Commentary

BCS winners and losers

Updated: November 9, 2009, 12:08 PM ET
By Brad Edwards | Special to ESPN.com

On Saturday, for the first time in several weeks, a few teams that were heavily involved in the Bowl Championship Series conversation were on the losing end of their games.

And for every loser, there is a winner.

So here's a look at the BCS winners and losers from last week's action, including one team that was on both sides.

Winner: TCU

TCU

The Horned Frogs' impressive 55-12 win over San Diego State, combined with Boise State's less-than-dominating performance at Louisiana Tech, allowed them to move past the Broncos in this week's Harris poll. That puts TCU ahead of Boise in every element of the BCS formula, and a win over No. 16 Utah this Saturday would only strengthen that position. With four weeks left to play, and Boise State lacking anything close to a Top 25 team on its remaining schedule, the automatic BCS bid for the non-AQ conferences seems to be TCU's to lose.

Loser: Boise State

Not only did the Broncos hurt themselves in the polls by not handling Louisiana Tech with ease, but they also took a hit in the computers from Oregon's loss to Stanford. That result diminished the quality of Boise State's best win (19-8 over Oregon on Sept. 3) and probably ended any hope that it could finish ahead of TCU in the computer element of the BCS formula. Unless the Horned Frogs lose a game, Boise will likely finish in the same position it did a year ago: undefeated and hoping for an at-large invitation to a BCS bowl.

Winner: Boise State

Boise State

Can a team be a loser and a winner on the same day? You'd be amazed what's possible in the world of the BCS.

Thanks to losses by Iowa, Penn State and Notre Dame, the odds of the Broncos' receiving an at-large invitation to the BCS are looking better than ever. Even if TCU gets the automatic non-AQ bid by finishing ahead of BSU in the final standings, Boise could still be an undefeated, top-5 team contending for an at-large spot with a bunch of teams that have either two losses, a late-season loss or both. That's no guarantee for the Broncos, but it's a much better position than they were in last season, when they finished unbeaten and a very respectable ninth in the BCS but ended up in the San Diego County Credit Union Poinsettia Bowl.

Loser: Big Ten Conference

Until Saturday, the Big Ten seemed like a good bet to get its usual two teams into the BCS. But Ohio State and Northwestern may have combined to cost the league about $4.5 million (the payout for a conference getting a second BCS team).

Thanks to the Buckeyes, Penn State's best-case scenario is now to finish 10-2 with a disappointing late-season home loss, which generally doesn't inspire a fan base to spend lots of money on airfare, hotels and bowl tickets over the holidays. Meanwhile, Iowa's loss to Northwestern and pending meeting with Ohio State this Saturday give the Buckeyes a chance to take the air out of another group of fans who were riding high just a few days ago.

BCS bowls love to extend at-large invitations to programs like Penn State and Iowa when they close the season with momentum, but late-season losses have a way of making major bowls look elsewhere.

Winner: Southeastern Conference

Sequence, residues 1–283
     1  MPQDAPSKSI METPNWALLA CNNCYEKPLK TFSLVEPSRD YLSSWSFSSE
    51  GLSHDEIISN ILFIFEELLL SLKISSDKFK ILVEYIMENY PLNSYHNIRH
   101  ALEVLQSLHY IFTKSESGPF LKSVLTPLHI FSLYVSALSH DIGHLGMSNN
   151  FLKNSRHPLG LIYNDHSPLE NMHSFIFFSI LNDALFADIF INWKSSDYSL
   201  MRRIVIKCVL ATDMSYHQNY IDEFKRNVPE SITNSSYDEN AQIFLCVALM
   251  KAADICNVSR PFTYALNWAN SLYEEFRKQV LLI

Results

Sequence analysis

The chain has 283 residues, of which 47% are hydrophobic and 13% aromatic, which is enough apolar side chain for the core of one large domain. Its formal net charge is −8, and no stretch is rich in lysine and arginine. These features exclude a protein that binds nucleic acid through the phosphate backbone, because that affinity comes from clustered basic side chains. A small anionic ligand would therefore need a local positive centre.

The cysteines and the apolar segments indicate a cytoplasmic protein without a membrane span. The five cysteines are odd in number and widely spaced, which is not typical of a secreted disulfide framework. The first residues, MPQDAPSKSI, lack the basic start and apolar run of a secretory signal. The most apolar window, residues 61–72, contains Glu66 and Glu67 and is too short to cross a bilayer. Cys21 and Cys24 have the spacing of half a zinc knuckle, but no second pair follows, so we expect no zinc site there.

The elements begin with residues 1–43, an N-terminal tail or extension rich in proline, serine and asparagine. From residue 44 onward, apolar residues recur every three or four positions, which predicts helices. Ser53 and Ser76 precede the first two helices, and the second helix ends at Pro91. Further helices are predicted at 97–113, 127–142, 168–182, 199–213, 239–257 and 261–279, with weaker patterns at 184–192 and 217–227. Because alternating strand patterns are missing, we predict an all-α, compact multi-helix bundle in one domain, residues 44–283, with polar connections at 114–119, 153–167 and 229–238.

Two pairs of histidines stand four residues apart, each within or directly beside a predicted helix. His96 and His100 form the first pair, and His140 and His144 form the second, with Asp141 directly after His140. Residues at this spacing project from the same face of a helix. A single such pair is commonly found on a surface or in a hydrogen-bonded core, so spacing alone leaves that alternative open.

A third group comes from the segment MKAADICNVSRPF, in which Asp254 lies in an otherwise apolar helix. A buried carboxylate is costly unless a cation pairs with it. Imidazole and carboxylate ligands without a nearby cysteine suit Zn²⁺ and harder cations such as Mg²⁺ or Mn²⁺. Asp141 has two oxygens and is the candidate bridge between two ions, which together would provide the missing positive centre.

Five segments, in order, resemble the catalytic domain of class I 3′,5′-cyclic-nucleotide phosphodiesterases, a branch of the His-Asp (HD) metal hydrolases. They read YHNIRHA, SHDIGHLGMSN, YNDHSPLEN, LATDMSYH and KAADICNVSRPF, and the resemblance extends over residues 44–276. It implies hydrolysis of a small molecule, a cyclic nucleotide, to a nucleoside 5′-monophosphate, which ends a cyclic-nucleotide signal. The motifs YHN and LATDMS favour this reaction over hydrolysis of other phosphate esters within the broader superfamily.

SEC

For several weeks, there has been speculation about whether a one-loss SEC champion could still finish in the top 2 of the BCS standings, and the biggest obstacle to that seemed to be the possibility of undefeated champs from both the Big 12 and Big Ten. Iowa's loss Saturday removed the Big Ten from that equation. Also, Oregon's loss eliminated the potential for competition from a major-conference, once-beaten team on an 11-game winning streak.

Now, if Florida or Alabama drops a game in the next three weeks before winning the SEC title, it's only a matter of whether that team would come out ahead of an unbeaten Cincinnati, TCU or Boise State. The boost from the SEC championship game victory would likely be enough to close any gap in the computers between the Gators or Tide and the undefeated pack. That would leave the polls as the deciding factor. Nothing is certain, but when it comes down to SEC versus Big East, Mountain West or WAC, we all know which way the voters are likely to lean.

Loser: Miami

The Hurricanes didn't take a hit in the polls or computers from anything that happened Saturday, but they did miss out on a golden opportunity to gain control of a chance to win the ACC's automatic BCS bid. To capture the Coastal Division, the Canes need to win out and have Georgia Tech lose a conference game, which was close to happening before the Jackets sacked Wake Forest out of field goal range in the final minute of regulation, then won the game in overtime.

The Orange Bowl has always been the BCS game most likely to extend Miami an at-large invitation because of its local fan base, but because the ACC champion is sent there, it would take a special set of circumstances for the bowl to invite the Hurricanes and set up what amounts to a conference game.

In other words, if Miami can't win the ACC, it probably has to hope for an invitation to the Fiesta Bowl or Sugar Bowl. That wouldn't have been unlikely when the Canes were a perennial top-5 team, but this version of "The U" isn't quite as big of a draw in other parts of the country.

Miami's final hope for someone to hand Georgia Tech another conference loss now rests with Duke on Saturday.

Brad Edwards coordinates the college football research for ESPN and is an analyst for "College GameDay" on ESPN Radio each Saturday throughout the season.

• Analyzes college football and the BCS as part of ESPN's Stats & Information Group
• Analyst for both College GameDay on ESPN Radio and the ESPN College Football app